Thomson Reuters says that a database containing sensitive information that was open to the public relates to a “small subset” of its OneSource Global Trade product clients.
Cyber research publication Cybernews revealed yesterday (27 October) that the publishing giant had exposed at least 3TB of sensitive data, including plaintext third-party server passwords that could be used for a supply chain attack.
According to Martynas Vareikis, Information Security Researcher at Cybernews, threat actors could use the email addresses exposed in the dataset to carry out phishing attacks. Attackers could impersonate Thomson Reuters and send the company’s customers fake invoices.
“Information stored on the server is extremely sensitive. Cases like these raise questions about corporate data collection practices. The ramifications of a data leak of such scale are worrying to say the least,” he said.
While three servers were flagged by Cybernews as being publicly accessible, two are designed to be so and do not contain any sensitive information, according to Thomson Reuters. However, the third is a non-production server relating to OneSource, and customers who may have had data logged on that server have been notified.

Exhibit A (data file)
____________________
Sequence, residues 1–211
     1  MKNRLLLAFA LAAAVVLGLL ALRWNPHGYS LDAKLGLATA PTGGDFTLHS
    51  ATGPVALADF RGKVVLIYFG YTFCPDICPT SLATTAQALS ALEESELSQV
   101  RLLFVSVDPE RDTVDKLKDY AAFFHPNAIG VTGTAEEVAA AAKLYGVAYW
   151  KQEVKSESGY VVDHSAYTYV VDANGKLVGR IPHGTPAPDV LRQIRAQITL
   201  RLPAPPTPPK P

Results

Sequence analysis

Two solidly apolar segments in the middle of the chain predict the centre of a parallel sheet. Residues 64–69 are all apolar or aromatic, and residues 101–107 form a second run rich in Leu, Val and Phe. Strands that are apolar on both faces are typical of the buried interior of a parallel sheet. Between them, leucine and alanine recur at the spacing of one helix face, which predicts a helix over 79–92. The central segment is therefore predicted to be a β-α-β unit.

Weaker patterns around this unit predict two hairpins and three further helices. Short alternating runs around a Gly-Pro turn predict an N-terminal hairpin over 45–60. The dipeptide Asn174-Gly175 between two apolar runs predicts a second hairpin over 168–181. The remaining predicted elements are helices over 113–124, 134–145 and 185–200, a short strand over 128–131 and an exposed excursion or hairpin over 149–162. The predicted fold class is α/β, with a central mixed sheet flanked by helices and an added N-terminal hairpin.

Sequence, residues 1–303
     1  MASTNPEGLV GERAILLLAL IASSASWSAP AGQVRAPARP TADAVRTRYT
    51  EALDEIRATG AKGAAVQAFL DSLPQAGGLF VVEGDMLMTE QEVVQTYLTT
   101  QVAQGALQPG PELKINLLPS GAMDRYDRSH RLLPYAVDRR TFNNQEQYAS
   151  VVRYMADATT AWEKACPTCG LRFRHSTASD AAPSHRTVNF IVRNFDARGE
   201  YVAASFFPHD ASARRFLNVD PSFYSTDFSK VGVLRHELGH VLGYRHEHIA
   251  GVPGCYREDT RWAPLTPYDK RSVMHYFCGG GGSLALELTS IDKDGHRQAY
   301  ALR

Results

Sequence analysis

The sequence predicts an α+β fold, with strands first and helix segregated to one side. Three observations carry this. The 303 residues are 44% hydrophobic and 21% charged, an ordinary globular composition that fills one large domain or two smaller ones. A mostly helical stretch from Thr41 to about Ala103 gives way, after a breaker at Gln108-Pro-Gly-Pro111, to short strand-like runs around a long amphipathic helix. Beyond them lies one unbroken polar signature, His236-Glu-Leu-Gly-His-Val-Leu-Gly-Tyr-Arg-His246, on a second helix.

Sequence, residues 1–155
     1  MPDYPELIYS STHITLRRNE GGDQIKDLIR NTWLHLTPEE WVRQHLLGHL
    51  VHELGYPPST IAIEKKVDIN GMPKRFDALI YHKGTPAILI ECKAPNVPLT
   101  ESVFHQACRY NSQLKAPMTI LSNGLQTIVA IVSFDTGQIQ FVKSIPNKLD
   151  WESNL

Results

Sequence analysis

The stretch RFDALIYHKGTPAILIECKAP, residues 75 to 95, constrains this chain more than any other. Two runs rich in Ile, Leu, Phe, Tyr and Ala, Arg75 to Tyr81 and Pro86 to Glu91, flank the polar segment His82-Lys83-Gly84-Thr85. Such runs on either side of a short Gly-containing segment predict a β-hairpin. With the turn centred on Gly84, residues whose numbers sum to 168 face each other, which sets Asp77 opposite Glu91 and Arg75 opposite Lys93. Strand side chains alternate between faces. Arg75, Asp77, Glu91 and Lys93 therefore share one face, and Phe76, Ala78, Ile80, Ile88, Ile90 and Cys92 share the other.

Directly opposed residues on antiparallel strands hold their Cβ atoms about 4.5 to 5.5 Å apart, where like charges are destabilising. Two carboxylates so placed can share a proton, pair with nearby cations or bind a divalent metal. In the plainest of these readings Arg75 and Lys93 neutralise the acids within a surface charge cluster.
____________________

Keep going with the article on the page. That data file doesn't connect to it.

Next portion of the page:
The error arose as a result of a misconfigured server. A spokesperson for Thomson Reuters told Legal IT Insider: “The issue was brought to our attention by an ethical security researcher from Cybernews. Upon notification we immediately investigated the findings provided by Cybernews. Cybernews reported three potentially misconfigured servers. We can confirm that two of the servers are designed to be publicly accessible and do not contain sensitive information.
“The third server is a non-production server related to one Thomson Reuters product, our ONESOURCE Global Trade product. The server only houses application logs from the non-production environment associated with a small subset of Thomson Reuters’s Global Trade customers. We have proactively notified the small subset of customers who may have had data logged on that server. We have also addressed and mitigated the misconfiguration.”
OneSource’s customers include some of the largest corporations in the world. According to the website appsruntheworld.com, the vast majority of OneSource’s customers are in the United States and it has equally strong representation across the professional services, banking and finance, manufacturing, distribution and insurance sectors.